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  • Writer's pictureDr Felicia J Fricke

Writing on Archaeology and Social Justice in Island Worlds

Felicia J. Fricke and Rachel Hoerman

Greetings! Our short editorial/opinion piece entitled ‘Archaeology and social justice in island worlds’ has just been published in the journal World Archaeology – we’re very excited to see it in print and want to take this opportunity to provide some background information on how the article came to be.

We met in the Caribbean in 2021, and during discussions about archaeology in our respective geographical areas, we realised that there are many problems shared by archaeology in the Dutch Caribbean and in the Hawaiian Islands. Angry, we began to wonder if these shared archaeological problems, already noted for the discipline as a whole by other scholars, might be exacerbated in small island contexts. It occurred to us that someone should write this down.

As we began to articulate our ideas, we felt more and more that the increased fragility of small island environments, when it comes to archaeological ethics and social justice, was a topic that needs to be more widely acknowledged. It is only once such problems are identified that they can be resolved – for that reason, we hope that our short text in World Archaeology will start conversations between archaeologists on the ground, and between archaeologists and local community members.

As the opinion piece developed, we were in discussion with numerous stakeholders working or living in both the Caribbean and the Hawaiian Islands who very generously donated their time to read, encourage, criticise, and correct our text. These kind individuals included representatives of the St Eustatius Afrikan Burial Ground Alliance and the Kaliʻuokapaʻakai Collective. There were often extremely important issues discussed that unfortunately could not be included in the article text because they were so specific to a particular place. For this article, we were looking for challenges that unite all these islands, and certainly others around the world. However, the discussions that we were forced to leave out only demonstrate the importance of the topic – further conversations about the neo-colonialism of archaeology in small island settings will, by necessity, be more locally focussed and tailored to place.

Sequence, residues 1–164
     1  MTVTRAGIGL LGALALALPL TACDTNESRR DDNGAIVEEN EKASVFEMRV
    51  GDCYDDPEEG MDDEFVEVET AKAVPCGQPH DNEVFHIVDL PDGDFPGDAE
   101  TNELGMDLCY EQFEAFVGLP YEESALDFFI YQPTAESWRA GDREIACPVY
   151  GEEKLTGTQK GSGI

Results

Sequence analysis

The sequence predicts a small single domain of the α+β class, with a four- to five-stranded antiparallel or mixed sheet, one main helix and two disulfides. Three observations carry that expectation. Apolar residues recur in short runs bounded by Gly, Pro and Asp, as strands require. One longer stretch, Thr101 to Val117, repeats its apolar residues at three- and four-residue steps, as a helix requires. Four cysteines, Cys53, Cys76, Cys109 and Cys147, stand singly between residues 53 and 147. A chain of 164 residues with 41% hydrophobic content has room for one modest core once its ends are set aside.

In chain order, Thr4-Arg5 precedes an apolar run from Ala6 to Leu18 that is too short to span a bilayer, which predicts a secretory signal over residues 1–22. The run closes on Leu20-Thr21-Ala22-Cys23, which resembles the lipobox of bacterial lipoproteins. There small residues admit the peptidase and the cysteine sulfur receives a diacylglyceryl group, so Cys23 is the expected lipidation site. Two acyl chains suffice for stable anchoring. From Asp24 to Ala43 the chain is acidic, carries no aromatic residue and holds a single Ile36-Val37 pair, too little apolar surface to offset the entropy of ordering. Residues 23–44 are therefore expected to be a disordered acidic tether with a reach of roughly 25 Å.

We are optimistic about the future of archaeology in island worlds – there is much that our discipline can contribute, but it has to be done in a way that respects local, descendant, and Indigenous cultures, agency, and authority rather than advancing the goals of extractive academia and capitalism that may seem so much stronger and more difficult to fight on a small island.

We hope you find that this opinion piece resonates with problems you have observed, or indeed points out problems that you had not noticed, and we look forward to future discussions on this topic. You can read the article Open Access here.

Felicia J. Fricke (IN THE SAME SEA, University of Copenhagen) and Rachel Hoerman (University of Hawaiʻi at Mānoa / Kaliʻuokapaʻakai Collective / Huliauapaʻa / Nohopapa Hawaiʻi). Please do get in touch with us if you have any questions! We would love to dialogue more with you about this, especially if you have noticed these archaeological problems in your island spaces.


With heartfelt thanks to Rose Mary Allen, Luc Alofs, Xiomara Balentina, Taylor Brown, Andreana Cunningham, Kenneth Cuvalay, Jason Ford, Heather Freund, Samara Gonçalves de Albuquerque, Hannah Hjorth, Marie Keulen, marjolijn kok, Gabriëlle La Croix, Durwin Lynch, Kepā Maly, Annina van Neel, Matthew Reilly, Natália da Silva Perez, Derrick Simmons, Gunvor Simonsen, and Miriam Stark.

We are so humbled and grateful to have briefly known and worked with the late Fredrico Cachola. Mahalo nui for sharing your manaʻo, ʻike, and aloha with us.

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